Album Review: Childish Gambino-Camp


Being the pioneers that we are, our first ever ‘live album review’ just took place, with yours truly providing track-by-tweet reviews for every track on Childish Gambino’s upcoming Camp album.

Gambino’s (and Donald Glover’s) profile has been raised considerably in the last 12 months, and there’s no doubt that this is his most high-profile release to date, with many ignoring his previous releases and treating this as a true ‘debut album’: we won’t argue the technicalities, and the fact remains that he’s been putting out some great music regardless of the project its been for, and that consistency has set expectations extremely high for this LP.

Did it live up to the hype? If you’ve not already found out on Twitter, fear not: each individual Tweet has been compiled below for you readers to enjoy in a more regular format. Keep an eye out for our next live album review on the official OTU Twitter account!

1. Outside: Slow opening, but leads into a rousing, uplifting hook that would be extremely well-suited to the opening of a movie.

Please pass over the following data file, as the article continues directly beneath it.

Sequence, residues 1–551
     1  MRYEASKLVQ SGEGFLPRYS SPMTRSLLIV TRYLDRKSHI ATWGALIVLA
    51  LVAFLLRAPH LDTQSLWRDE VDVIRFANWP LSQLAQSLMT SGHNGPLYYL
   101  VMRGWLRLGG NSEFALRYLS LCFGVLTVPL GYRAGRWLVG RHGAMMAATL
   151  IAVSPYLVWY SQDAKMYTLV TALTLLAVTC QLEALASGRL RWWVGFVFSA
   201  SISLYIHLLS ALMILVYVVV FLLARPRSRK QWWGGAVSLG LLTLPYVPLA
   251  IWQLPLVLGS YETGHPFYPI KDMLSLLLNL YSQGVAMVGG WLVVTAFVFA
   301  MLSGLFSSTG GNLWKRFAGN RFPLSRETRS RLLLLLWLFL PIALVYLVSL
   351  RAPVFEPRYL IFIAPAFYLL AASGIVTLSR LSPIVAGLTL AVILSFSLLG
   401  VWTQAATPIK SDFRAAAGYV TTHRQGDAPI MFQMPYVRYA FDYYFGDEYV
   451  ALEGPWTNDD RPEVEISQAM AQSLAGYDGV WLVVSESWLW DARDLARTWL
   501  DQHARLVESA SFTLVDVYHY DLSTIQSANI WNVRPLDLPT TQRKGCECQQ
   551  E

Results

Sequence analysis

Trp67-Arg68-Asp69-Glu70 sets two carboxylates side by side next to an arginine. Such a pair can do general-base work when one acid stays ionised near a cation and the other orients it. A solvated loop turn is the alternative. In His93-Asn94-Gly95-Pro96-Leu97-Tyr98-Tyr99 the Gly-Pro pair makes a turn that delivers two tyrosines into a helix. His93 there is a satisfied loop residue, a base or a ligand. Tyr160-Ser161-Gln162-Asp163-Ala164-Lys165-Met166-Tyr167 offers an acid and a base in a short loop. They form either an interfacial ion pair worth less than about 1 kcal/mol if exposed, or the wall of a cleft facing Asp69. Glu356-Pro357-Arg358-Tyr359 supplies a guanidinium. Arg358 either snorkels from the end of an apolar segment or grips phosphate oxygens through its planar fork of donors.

2. Fire Fly: Production and vocals have a real 90s throwback vibe. Dueling vocals on the hook bring it back to the 00s. Summer music.

3. Bonfire: Pulsating. Video review. Audio review.

4. All The Shine: Excellent build to a what is a hugely inspiring hook. Review.

5. Letter Home: Superb string work, and a smooth sonic progression from All The Shine.

6. Heartbeat: A favourite of many. Light singing and sharp raps, beat relies alternately on soft keys and thick synths. Exceptional.

7. Backpackers: Mesmerising percussion, think J. Cole’s Bring Em In. Not keen on CG’s flow here, decent punchlines though. Weak hook.

8. L.E.S.: Instantly seduced by the strings, anchor the song brilliantly. Nice mix of subject matter on verses. Mellow, memorable hook.

9. Hold You Down: Good change of pace with a key-driven production. Focus on the lyrics pays off for the most part. Nice outro.

10. Kids: Decent, see the appeal, but a little too schizophrenic. Nursery rhyme vocals don’t contrast well with the blunt rap delivery.

11. You See Me: Weakest track. Going for the speaker-rattler, but instead drags on very slowly. Nice rapid-fire flow at the end though.

12. Sunrise: Recovers from the lull of the previous 2 tracks with energy and vibrancy. Nothing groundbreaking, but a solid all-rounder.

13. That Power: Microcosm of the album: good vocals, solid raps, excellently produced with great progressions between hook and verse.

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